What Are The Pros And Cons Of Globalization?

The traditional view on globalization is that of a flat world, a pre-Pythagoran totalitarian world-view of a single rule-book for the world, usually gleaned or copied from the models we deployed in the U.S., a country with the biggest neanderthal stick of power, power often misinterpreted as the merit of excellence.

Apart from the fact that our democracy fails to yield renewability (for reasons I have identified) and thus is not sustainable, any totalitarian approach for the world is, by definition, a failed one. This dictatorial approach has been tried many a time, and history has proven it justifiably wrong at every turn. Our differences as human beings are more important than our commonalities, a propensity that can only be secured by real multi-dimensional freedom, not by a single totalitarian implementation we suggest the world to follow.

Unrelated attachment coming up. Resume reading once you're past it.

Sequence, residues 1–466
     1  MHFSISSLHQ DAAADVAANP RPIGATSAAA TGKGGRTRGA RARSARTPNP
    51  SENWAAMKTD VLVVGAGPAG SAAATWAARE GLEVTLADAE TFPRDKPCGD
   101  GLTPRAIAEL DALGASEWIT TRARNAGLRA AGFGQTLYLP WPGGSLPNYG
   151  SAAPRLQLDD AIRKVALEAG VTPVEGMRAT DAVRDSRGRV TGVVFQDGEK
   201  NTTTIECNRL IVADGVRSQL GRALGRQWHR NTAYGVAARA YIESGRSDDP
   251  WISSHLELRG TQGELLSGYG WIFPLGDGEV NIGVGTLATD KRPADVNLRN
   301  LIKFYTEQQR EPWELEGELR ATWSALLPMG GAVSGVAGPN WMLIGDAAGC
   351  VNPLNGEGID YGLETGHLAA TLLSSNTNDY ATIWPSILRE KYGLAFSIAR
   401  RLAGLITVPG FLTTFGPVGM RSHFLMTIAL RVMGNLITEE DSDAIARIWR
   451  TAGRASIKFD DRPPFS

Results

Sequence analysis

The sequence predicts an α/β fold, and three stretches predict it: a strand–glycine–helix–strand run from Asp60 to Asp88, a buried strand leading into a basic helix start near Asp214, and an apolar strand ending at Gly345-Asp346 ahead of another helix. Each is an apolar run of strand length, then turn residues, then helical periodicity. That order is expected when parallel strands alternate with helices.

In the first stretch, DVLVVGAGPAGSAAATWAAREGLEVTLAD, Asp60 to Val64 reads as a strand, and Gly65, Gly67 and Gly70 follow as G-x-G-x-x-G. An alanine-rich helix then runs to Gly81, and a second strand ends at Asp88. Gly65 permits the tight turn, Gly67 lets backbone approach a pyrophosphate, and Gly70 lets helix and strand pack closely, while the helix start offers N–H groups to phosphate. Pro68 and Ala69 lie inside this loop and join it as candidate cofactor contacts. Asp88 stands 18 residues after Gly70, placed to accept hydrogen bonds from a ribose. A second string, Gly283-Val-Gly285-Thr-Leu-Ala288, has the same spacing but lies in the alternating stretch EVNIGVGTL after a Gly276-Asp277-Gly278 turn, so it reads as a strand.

Globalization cannot be a one-size-fits-all mold of compliance, and must instead be implemented as a dynamic relativity theory (to each his own) of freedom—an implementation of freedom that supports and accentuates the value of our differences. So humanity can evolve not into robots of ever-increasing mediocrity shaped by oligarchically formed compliance but continues to reinvent itself in many directions towards the fringe of what is possible.

I was impressed by a 15 years old asking this question. Keep questioning “the rules” set before you.


The sign of an intelligent nation is its willingness and ability to reinvent itself, upstream. Let’s inspire the world with new rigors of excellence we first and successfully apply to ourselves.

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